The term working
capital refers to the amount of capital which is readily available to an organisation. That is, working capital is the difference
between resources in cash or readily convertible into cash (Current Assets) and organisational commitments for which cash
will soon be required (Current Liabilities).
are resources which are in cash or will soon be converted into cash in "the ordinary course of business".
are commitments which will soon require cash settlement in "the ordinary course of business".
= CURRENT ASSETS - CURRENT LIABILITIES
In a department's
Statement of Financial Position, these components of working capital are reported under the following headings:
Liquid Assets (cash and bank deposits)
Debtors and Receivables
Creditors and Payables
Other Short Term Liabilities
of Good Working Capital Management
constitutes part of the Crown's investment in a department. Associated with this is an opportunity cost to the Crown. (Money
invested in one area may "cost" opportunities for investment in other areas.) If a department is operating with more working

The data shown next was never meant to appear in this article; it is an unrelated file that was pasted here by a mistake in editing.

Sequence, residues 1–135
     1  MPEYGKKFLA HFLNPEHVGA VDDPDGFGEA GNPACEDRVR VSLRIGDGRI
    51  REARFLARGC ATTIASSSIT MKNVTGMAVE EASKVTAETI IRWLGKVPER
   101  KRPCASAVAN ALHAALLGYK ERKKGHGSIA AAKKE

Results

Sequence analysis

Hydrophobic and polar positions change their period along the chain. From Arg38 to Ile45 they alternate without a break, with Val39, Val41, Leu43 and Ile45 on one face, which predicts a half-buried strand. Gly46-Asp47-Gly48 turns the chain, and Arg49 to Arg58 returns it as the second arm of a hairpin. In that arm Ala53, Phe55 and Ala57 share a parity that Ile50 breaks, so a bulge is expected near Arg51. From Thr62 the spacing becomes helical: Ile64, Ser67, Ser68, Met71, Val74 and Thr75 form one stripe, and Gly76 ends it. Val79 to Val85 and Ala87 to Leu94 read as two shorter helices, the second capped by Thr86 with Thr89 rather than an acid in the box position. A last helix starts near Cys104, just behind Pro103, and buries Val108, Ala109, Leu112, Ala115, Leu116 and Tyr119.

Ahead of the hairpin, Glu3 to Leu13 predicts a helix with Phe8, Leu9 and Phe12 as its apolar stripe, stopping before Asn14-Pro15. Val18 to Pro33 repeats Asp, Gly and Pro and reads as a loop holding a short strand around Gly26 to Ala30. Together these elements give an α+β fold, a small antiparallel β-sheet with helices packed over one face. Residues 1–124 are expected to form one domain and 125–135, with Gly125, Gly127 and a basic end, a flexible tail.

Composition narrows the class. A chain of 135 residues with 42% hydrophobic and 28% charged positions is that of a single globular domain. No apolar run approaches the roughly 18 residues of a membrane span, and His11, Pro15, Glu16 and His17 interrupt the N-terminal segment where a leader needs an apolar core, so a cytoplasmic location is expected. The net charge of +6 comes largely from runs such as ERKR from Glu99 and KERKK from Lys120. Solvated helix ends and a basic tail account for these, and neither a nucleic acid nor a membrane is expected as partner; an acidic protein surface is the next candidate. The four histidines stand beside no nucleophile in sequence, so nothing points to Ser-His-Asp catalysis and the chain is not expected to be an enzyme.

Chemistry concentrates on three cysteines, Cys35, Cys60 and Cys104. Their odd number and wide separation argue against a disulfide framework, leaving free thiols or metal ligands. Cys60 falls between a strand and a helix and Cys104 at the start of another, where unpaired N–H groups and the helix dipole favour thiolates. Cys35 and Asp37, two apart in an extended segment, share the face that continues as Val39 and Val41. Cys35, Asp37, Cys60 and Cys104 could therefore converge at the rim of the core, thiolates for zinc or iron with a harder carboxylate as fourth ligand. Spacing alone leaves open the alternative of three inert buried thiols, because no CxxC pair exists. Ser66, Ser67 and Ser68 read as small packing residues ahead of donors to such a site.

capital than is necessary, this over-investment represents an unnecessary cost to the Crown.
From a department's
point of view, excess working capital means operating inefficiencies. In addition, unnecessary working capital increases the
amount of the capital charge which departments are required to meet from 1 July 1991.
to Working Capital Management
of working capital management is to maintain the optimum balance of each of the working capital components. This includes
making sure that funds are held as cash in bank deposits for as long as and in the largest amounts possible, thereby maximising
the interest earned. However, such cash may more appropriately be "invested" in other assets or in reducing other liabilities.
management takes place on two levels:
Ratio analysis can be used to monitor
overall trends in working capital and to identify areas requiring closer management (see Chapter Three).
The individual components of working
capital can be effectively managed by using various techniques and strategies (see Chapter Four).
these techniques and strategies, departments need to recognise that each department has a unique mix of working capital components.
The emphasis that needs to be placed on each component varies according to department. For example, some departments have
significant inventory levels; others have little if any inventory.
capital management is not an end in itself. It is an integral part of the department's overall management. The needs of efficient
working capital management must be considered in relation to other aspects of the department's financial and non-financial